What Is ASP?
Active Server Pages or ASP, as it is more commonly known, is a technology that enables you to make dynamic and interactive web pages. It is marketed as an add-on to Internet Information Services (IIS). Programming ASP websites is made easier by various built-in objects. Each object corresponds to a group of frequently-used functionality useful for creating dynamic web pages. In ASP 2.0 there are six such built-in objects: Application, ASPError, Request, Response, Server, and Session. Session, for example, is a cookie-based session object that maintains variables from page to page.
ASP pages have the extension .asp instead of .htm, when a page with the extension .asp is requested by a browser the web server knows to interpret any ASP contained within the web page before sending the HTML produced to the browser. This way all the ASP is run on the web server and no ASP will ever be passed to the web browser. Any web pages containing ASP cannot be run by just simply opening the page in a web browser. The page must be requested through a web server that supports ASP, this is why ASP stands for Active Server Pages, no server, and no active pages.
ASP has gone through six major releases:
- ASP version 1.0 (distributed with IIS 3.0) in December 1996.
- ASP version 2.0 (distributed with IIS 4.0) in September 1997.
- ASP version 3.0 (distributed with IIS 5.0) in November 2000.
- ASP.NET version 1.0 (part of the Microsoft .NET platform) in January 2002.
(The pre-.NET versions are currently referred to as "classic" ASP)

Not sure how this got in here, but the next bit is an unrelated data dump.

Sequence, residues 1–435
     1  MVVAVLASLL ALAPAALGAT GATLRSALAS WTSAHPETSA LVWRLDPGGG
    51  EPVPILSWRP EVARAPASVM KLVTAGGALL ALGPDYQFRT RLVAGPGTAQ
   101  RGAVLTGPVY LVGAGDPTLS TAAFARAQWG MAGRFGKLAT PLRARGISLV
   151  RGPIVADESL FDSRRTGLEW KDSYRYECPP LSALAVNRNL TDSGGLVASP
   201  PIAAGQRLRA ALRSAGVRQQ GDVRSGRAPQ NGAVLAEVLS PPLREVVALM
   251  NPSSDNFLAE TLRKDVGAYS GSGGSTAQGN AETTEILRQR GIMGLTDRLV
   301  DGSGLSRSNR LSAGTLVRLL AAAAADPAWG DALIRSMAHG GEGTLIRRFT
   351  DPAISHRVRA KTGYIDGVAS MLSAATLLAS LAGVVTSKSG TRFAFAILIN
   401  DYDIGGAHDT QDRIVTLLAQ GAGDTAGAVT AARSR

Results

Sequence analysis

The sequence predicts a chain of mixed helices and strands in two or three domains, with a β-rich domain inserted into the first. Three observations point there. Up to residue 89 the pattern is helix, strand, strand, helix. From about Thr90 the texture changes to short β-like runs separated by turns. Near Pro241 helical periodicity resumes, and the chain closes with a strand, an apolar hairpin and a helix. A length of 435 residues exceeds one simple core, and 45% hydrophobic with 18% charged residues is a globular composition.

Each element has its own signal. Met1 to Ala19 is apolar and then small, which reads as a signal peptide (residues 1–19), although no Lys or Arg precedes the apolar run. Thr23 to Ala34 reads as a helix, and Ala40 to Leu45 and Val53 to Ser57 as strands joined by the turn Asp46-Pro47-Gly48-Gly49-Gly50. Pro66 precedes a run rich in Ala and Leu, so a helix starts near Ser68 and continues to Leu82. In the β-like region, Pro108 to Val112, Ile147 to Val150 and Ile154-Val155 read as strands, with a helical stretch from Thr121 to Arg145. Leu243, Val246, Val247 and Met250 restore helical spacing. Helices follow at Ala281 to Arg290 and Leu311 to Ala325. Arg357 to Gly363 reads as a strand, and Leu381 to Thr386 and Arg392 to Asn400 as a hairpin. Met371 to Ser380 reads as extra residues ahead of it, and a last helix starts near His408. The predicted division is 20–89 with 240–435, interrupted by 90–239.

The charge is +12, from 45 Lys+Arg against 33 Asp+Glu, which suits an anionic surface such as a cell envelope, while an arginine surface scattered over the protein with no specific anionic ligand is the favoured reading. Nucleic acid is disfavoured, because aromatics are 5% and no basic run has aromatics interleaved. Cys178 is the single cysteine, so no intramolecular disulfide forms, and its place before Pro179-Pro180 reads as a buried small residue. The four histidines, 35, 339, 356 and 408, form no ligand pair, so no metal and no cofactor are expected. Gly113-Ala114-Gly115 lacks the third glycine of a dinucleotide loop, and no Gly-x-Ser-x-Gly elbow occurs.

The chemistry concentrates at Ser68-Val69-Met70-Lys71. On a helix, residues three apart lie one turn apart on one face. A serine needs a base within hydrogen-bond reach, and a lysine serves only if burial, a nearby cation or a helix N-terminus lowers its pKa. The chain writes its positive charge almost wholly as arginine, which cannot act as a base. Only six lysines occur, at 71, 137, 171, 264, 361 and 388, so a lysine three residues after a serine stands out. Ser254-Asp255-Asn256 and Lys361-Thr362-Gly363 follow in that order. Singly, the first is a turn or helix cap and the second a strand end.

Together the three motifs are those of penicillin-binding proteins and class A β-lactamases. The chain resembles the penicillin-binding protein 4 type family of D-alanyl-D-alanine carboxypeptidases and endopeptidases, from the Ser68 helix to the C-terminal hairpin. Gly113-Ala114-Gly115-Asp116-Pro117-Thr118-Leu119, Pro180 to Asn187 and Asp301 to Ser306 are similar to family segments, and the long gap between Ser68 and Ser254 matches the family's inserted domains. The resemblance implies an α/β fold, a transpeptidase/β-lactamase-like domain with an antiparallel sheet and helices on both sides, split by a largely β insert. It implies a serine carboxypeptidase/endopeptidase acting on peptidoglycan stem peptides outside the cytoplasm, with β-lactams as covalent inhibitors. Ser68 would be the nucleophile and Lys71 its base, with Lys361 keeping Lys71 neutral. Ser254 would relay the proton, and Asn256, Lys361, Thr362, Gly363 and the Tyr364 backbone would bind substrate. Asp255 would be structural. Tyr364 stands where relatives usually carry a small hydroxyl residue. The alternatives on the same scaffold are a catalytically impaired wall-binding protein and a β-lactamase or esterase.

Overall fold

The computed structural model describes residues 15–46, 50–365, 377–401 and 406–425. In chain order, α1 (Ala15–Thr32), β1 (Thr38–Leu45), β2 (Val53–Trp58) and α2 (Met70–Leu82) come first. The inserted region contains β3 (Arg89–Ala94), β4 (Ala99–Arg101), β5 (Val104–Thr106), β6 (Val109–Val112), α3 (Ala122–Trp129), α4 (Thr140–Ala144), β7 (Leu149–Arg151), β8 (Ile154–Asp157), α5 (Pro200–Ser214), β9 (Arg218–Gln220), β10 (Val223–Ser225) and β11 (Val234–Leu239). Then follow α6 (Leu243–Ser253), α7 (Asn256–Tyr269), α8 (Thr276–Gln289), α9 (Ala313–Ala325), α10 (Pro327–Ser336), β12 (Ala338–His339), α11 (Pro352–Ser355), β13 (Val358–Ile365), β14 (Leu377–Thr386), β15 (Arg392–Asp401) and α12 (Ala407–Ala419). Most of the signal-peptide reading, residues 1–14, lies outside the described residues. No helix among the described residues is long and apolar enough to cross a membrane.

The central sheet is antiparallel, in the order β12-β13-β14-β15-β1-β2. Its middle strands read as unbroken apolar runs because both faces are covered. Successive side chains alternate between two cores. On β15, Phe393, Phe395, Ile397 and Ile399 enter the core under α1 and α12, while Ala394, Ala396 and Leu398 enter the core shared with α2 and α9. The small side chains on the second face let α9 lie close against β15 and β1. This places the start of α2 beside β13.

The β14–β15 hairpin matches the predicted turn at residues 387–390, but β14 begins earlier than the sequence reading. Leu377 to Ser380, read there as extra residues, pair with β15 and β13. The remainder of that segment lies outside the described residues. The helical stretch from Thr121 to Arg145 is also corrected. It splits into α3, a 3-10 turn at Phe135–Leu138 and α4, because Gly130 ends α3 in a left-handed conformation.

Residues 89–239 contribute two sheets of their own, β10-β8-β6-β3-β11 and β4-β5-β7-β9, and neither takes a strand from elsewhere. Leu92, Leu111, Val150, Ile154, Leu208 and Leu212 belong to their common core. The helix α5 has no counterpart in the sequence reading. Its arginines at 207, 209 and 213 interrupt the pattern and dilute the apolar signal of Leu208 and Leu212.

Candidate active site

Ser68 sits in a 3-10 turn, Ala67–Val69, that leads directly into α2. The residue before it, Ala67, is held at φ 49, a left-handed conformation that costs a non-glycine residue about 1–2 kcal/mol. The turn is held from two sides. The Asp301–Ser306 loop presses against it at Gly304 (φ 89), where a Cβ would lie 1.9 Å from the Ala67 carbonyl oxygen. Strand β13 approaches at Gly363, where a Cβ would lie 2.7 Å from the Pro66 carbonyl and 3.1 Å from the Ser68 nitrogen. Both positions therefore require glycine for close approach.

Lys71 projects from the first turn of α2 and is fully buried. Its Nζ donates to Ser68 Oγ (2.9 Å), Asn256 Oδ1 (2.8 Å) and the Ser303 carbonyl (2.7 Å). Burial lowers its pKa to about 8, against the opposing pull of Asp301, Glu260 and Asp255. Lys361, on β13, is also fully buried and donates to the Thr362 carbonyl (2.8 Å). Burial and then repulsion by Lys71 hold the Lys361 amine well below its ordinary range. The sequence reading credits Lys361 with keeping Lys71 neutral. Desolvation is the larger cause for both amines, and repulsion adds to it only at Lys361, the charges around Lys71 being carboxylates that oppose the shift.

- ASP.NET version 1.1 in April 2003.
- ASP.NET version 2.0 (released on November 7, 2005).
ASP.NET was originally called "ASP+" or "ASP PLUS" before the .NET name was introduced.
Several scripting languages may be used in ASP. However, the default scripting language (in classic ASP) is VBScript: 1. 2.
The Wikipedia entry:
ASP.NET is a set of web development technologies marketed by Microsoft. Programmers can use it to build dynamic web sites, web applications and XML web services. It is part of Microsoft's .NET platform and is the successor to Microsoft's Active Server Pages technology."
Even though ASP.NET takes its name from Microsoft's old web development technology, ASP (Active Server Pages), the two differ significantly. Microsoft has completely rebuilt ASP.NET, based on the CLR shared by all Microsoft .NET applications. Programmers can write ASP.NET code using any of the different programming languages supported by the .NET framework, usually (proprietary) Visual Basic.NET, JScript .NET, or (standardized) C#, but also including open-source languages such as Perl and Python. ASP.NET is faster because the entire web site is precompiled to one or a few dll files on a Web Server and the Web Site runs faster compared to the previous scripting technology.
ASP.NET attempts to simplify developers' transition from Windows application development to web development by allowing them to build pages composed of controls similar to a Windows user interface. A web control, such as a button or label, functions in very much the same way as its Windows counterpart: code can assign its properties and respond to its events. Controls know how to render themselves: whereas Windows controls draw themselves to the screen, web controls produce segments of HTML which form part of the resulting page sent to the end-user's browser.
state to the inherently stateless web environment.
The numerous .NET controls, classes and tools can cut down on development time by providing a rich set of features for common programming tasks. Data access provides one example, and comes tightly coupled with ASP.NET. A developer can make a page to display a list of records in a database, for example, significantly more readily using ASP.NET than with ASP.
(Resources for this article by Webwizguide.com and Wikipedia, the free encyclopedia)
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